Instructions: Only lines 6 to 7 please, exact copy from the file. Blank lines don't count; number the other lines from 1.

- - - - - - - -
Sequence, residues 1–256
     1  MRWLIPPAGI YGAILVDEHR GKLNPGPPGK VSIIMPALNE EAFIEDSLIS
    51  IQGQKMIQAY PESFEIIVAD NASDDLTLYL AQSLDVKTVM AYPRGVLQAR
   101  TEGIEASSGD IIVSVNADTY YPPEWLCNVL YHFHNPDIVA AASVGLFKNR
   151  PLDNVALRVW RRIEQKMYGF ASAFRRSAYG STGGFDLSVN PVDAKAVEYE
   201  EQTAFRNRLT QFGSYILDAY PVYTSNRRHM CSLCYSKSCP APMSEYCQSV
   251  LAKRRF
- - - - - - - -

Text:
   201  EQTAFRNRLT QFGSYILDAY PVYTSNRRHM CSLCYSKSCP APMSEYCQSV
   251  LAKRRF